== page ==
History of Terrorism
- Democracy: A Cure for Terrorism?
- 9-11: Insights Offered by the OAH's Journal of American History
- Who Are the Afghans?
- A Short History of Terrorism
- Acts of Terrorism 100 Years Ago
- Wall Street Bombing, 1920
- The Terrorist Who Started World War I
- The Failed Campaign to Get Pancho Villa
- Comparing Timothy McVeigh and John Brown
- Barbary Pirate Terrorism
- The First Act of Terrorism in English America
- A Brief Chronology of Bombings in the U.S.
- Past U.S. Losses
- How to Define Terrorism
- Has the U.S. Really Played Its Hand Immorally in the Middle East?
- Do They Hate Us Because of the Numerous Times We Have Intervened in Their Politics? (The Libertarian Perspective)
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Todd Jordan - 4/30/2005
Bush is requesting an additional $82 billion to finance the Iraq war for 2005. This is a war built on lies and manipulations, and its only motives are oil, profits, and military prestige. It's already costing us $5 billion/month.
Bush has couched his demands in 'support our troops' propaganda, stating he needs the money to win the "global war on terror and spread freedom around the world." The actual state of the troops, however, tells a very different story.
The most vulnerable rank-and-file soldiers, usually National Guardsmen or reservists in supply and transport companies, are so poorly equipped that they are forced to rummage through local landfills to provide their vehicles with armor. In addition, the current death gratuity given by the government to survivors of those killed in action, a paltry $12,420, is pushing many young widows and widowers and their children into poverty.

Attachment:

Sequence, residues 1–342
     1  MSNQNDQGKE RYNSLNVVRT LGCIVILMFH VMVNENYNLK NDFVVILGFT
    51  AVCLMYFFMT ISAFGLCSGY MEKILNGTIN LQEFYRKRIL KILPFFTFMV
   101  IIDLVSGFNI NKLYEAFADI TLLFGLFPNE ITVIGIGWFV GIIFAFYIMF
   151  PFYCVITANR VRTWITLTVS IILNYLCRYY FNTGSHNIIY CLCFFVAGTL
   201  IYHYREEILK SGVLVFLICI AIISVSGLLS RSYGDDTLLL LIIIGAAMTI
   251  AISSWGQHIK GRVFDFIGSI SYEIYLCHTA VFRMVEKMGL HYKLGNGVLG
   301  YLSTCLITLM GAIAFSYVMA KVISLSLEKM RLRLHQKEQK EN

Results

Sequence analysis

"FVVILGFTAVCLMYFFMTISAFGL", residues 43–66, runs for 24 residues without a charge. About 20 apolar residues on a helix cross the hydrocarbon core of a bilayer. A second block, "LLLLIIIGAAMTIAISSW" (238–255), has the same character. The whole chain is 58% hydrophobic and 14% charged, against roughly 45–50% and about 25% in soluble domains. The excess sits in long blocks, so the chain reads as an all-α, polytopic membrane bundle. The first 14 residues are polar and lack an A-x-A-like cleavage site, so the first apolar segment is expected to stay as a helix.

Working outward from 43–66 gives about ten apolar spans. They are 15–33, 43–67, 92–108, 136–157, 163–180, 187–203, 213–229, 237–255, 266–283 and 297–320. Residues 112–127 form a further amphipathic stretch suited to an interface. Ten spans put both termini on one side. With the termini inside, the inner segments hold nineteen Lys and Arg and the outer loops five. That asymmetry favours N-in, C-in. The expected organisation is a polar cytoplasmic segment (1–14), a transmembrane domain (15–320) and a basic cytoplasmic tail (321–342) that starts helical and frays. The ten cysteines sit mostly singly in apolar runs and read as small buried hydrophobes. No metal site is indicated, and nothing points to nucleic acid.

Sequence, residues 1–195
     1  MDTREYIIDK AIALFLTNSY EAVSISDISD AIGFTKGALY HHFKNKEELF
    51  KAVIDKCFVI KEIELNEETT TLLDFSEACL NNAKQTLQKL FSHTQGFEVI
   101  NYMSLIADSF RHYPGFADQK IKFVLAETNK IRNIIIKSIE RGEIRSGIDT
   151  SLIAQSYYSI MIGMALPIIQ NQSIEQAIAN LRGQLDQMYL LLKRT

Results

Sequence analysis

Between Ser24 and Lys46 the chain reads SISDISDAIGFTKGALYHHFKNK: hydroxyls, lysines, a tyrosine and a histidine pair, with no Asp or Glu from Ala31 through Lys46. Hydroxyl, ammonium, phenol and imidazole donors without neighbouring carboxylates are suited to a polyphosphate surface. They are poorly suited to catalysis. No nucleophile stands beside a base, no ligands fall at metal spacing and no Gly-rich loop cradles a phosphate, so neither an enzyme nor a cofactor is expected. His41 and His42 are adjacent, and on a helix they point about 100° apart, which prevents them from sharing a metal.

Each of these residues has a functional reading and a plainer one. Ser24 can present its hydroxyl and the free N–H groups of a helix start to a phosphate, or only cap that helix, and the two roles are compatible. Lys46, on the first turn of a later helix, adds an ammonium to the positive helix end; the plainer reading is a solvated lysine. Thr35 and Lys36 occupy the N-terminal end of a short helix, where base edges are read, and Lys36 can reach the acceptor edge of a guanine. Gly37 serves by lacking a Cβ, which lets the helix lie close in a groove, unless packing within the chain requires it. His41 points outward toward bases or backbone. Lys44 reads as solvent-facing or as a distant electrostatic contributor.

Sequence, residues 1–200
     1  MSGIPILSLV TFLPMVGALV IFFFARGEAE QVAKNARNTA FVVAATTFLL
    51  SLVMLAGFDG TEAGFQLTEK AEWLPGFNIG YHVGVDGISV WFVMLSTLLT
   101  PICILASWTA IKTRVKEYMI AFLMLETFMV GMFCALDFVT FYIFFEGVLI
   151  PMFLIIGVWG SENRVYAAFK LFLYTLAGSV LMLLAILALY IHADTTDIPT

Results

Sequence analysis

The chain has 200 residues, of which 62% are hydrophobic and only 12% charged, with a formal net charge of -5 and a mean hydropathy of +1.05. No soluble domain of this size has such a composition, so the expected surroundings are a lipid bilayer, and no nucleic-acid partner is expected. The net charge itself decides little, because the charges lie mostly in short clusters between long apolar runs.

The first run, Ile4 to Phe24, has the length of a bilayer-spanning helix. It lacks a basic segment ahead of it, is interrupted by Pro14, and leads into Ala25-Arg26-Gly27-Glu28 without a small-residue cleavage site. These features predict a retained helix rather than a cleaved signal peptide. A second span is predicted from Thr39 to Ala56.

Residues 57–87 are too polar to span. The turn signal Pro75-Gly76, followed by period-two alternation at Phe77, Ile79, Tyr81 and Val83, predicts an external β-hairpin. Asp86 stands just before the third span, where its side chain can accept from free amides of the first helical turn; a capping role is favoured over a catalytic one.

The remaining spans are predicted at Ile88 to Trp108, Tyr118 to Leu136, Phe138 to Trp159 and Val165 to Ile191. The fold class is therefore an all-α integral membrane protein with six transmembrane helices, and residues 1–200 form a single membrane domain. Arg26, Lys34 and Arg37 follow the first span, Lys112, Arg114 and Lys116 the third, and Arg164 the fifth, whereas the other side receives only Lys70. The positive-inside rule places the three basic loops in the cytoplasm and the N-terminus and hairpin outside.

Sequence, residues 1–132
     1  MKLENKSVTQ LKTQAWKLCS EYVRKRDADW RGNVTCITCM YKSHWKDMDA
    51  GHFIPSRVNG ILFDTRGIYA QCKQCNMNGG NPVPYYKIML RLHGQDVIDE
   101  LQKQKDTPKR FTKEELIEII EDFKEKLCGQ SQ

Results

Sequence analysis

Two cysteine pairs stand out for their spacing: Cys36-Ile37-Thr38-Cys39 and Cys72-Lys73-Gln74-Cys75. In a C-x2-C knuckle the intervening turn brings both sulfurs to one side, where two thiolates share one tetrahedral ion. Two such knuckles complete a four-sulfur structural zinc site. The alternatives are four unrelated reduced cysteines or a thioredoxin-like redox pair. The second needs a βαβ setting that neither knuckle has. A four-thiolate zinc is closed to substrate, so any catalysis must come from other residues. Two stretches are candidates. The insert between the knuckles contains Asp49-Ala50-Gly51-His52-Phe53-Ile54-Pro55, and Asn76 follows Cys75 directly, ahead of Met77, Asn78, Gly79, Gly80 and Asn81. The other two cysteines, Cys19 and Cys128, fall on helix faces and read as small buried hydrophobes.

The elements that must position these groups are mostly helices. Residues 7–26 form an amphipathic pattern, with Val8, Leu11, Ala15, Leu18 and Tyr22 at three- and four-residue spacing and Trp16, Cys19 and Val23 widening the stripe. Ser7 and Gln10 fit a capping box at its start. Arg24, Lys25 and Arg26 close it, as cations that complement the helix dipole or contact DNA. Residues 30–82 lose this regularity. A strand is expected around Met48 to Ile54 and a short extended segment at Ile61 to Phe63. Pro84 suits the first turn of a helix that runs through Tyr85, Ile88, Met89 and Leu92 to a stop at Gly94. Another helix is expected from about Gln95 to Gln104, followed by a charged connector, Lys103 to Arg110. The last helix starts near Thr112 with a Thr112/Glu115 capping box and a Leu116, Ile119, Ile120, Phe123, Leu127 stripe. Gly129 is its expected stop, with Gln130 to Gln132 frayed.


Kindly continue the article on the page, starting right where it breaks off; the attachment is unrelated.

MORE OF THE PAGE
The budget Bush has proposed for 2006, called the "most irresponsible and misleading budget in our nation's history" by Senator Harvey Reid of Nevada (NY Times, 2/5/05), will only make things worse. Bush has effectively gutted many wide-ranging public health programs with one hand while increasing programs promoting sexual abstinence by $38 million with the other.
In addition to slashing 150 nonmilitary programs, a full third of which are in the Department of Education (NY Times, 2/5/05), Bush has allocated even more funds to the Pentagon, bringing its budget to $419.3 billion despite the fact this budget does not include the cost of operations in Iraq and Afghanistan.
This budget was made on the assumption that the tax cuts Bush has enacted for the rich and corporations will remain in place. This budget is stealing money from the working class while robbing us of such vital necessities as healthcare and education.
We need to organize a struggle against the budget cuts affecting our communities. We need a budget based on the needs of working people, not a budget designed to benefit the super-rich and their wars.
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